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Quartz Weekend Brief—Newspaper buyers, Apple chargers, ban tipping, be angry

Reuters/Jonathan Ernst
The Washington Post announces its own sale to Jeff Bezos of Amazon, on Aug. 6.
Published Last updated This article is more than 2 years old.

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The easiest way to identify the next round of newspaper acquisition targets is to look for those denying it. “The Times is not for sale,” Arthur Sulzberger, publisher of the New York Times, felt compelled to tell his staff this week. He was reacting to the sale of the Washington Post, another family-controlled newspaper that said it would never give up control—until Amazon CEO Jeff Bezos came along on Monday and snapped up the paper for $250 million. Other major newspapers that are officially not for sale include Pearson’s Financial Times and Tribune’s Los Angeles Times. Likely stories.

We are not disinterested parties here. A real shakeup of English-language newspapers could accelerate the disruption that has chipped away at our industry over a decade. New owners may not be able to save newspapers, but their attempts are likely to be more interesting than those with a legacy to protect. A few days before the Post went, the Times Co. sold the Boston Globe to John Henry, an investor better known for his holdings in sports teams.

Bezos was an unexpected choice that seemed inspired in retrospect: an admired entrepreneur who, in his day job, has not shown an aversion to losses nor a lack of creative ambition—though a newspaper is admittedly a very different business from the one he’s used to. He allowed the Graham family, which always said it would protect the Post at all costs, to save face. The question looming over the industry right now is who else might fit that mold. Are there enough brash benefactors out there?—Zachary M. Seward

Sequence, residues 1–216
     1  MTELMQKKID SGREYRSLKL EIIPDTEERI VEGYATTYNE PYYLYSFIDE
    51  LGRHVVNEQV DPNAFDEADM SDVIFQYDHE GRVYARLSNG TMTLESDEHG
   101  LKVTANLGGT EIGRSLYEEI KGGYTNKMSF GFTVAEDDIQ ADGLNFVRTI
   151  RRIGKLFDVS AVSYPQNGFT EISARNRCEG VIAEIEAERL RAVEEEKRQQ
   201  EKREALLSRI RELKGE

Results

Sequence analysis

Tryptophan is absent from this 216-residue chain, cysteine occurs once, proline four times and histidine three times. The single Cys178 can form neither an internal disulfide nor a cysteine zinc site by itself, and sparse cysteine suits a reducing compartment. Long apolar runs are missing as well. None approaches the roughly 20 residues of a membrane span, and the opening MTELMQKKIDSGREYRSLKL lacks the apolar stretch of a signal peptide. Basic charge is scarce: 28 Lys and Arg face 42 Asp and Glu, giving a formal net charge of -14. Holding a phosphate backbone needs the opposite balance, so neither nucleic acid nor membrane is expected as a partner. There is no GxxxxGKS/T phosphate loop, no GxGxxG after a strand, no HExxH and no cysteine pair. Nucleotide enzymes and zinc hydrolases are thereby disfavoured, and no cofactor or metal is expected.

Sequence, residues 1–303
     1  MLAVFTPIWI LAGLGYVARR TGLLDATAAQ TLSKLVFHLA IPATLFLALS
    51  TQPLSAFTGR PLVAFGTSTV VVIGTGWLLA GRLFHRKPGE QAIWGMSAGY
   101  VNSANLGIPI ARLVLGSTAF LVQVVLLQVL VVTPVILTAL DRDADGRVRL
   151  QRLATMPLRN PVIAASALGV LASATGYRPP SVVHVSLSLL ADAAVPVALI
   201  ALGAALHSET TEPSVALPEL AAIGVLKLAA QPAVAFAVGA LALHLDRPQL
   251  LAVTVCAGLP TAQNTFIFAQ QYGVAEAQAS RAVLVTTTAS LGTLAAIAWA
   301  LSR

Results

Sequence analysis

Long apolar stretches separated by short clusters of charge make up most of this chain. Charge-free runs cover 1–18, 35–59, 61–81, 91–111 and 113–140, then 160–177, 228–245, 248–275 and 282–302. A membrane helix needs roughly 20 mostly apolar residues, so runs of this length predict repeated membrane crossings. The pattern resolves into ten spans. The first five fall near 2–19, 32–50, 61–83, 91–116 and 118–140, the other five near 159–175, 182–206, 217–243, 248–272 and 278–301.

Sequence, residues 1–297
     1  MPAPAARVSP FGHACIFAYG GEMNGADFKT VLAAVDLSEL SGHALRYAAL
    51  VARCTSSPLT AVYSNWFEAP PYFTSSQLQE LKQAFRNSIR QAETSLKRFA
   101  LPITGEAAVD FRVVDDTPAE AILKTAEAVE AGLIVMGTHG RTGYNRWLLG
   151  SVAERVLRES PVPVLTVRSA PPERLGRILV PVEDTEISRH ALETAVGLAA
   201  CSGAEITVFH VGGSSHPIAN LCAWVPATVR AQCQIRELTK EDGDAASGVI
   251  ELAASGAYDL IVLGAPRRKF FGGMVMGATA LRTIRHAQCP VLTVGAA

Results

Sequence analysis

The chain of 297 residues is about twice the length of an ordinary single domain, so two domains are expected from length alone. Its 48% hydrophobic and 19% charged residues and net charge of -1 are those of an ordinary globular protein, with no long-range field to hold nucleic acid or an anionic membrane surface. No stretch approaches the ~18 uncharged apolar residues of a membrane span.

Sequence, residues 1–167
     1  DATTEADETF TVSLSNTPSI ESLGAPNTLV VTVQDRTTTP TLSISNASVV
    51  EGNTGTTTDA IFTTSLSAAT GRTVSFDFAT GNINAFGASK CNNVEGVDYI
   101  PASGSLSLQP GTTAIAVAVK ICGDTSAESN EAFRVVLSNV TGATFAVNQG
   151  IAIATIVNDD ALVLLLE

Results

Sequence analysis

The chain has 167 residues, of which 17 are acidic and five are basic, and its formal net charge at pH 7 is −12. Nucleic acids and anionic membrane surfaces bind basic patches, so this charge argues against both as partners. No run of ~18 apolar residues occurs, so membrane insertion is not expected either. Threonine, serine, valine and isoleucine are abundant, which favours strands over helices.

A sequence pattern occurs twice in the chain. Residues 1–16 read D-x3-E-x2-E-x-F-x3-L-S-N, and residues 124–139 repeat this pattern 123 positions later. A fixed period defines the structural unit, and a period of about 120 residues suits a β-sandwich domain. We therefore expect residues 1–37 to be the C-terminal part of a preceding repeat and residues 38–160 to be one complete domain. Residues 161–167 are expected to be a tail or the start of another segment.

Five things on Quartz we especially liked

Apple’s charger exchange program is genius. By agreeing to sell anyone who brings in a counterfeit iPhone or iPad charger an Apple-made one at a discount, the company is both warding off bad publicity and attracting new customers, argues Adam Pasick.

Why a boycott of Russian vodka is misguided. Despite its symbolic value in the protest against Russia’s treatment of gay people, vodka is a minor US import, and owing to a trademark dispute over Stolichnaya, it could actually play into the Russian government’s hands, writes Lily Kuo.

Two opposed views on China. The optimist:  Yichuan Wang, who says China’s poorer regions will counteract slowing growth. The pessimist: Gwynn Guilford, who explains why record imports of iron ore tell us something really bad about the steel industry and about Chinese finance in general.

Restaurants should just ban tipping. The founder of a San Diego eatery, Jay Porter, explains persuasively why tips paradoxically create incentives for worse service—and how when he got rid of them, service improved and revenues went up.

When global warming finally gets going, it could last for 200,000 years. Rachel Feltman explains two new studies indicating that feedback loops will create a tipping point in carbon dioxide concentration, after which warming will accelerate, and then be very, very slow to recover.

Five things elsewhere that made us smarter

How Eike Batista lost Brazil’s biggest fortune. This Financial Times profile of the Brazilian tycoon laid low when his oil wells proved to be duds is not only a good fall-from-grace yarn, but is telling about the power of a good story to extract billions from hardened investors.

Fifteen ways the credit crunch changed British lives. In an intriguing bit of ad hoc sociology that brings economics to life, the Telegraph’s Harry Wallop looks at how the recession altered spending and living habits. Oddest factoid: Men bought tighter underwear.

Ask the angry person in your meeting for advice. We associate anger with irrationality, but research finds that someone angry is more likely to seek out opposing views and avoid “confirmation bias.”

Open-source hardware is revolutionizing manufacturing. Much as open-source software allows vast communities of programmers to collaborate and innovate faster than big software firms, 3D printing has enabled the rise of a generation of hardware “hackers”. Traditional manufacturers, watch out.

Should you be stalking your kids? Long before PRISM, tech journalist Mathew Ingram subjected his daughters’ online lives to a decade-long surveillance program. He writes with commendable honesty about what he learned and whether he’d do it again. Parts one, two and three are up; part four on Monday.

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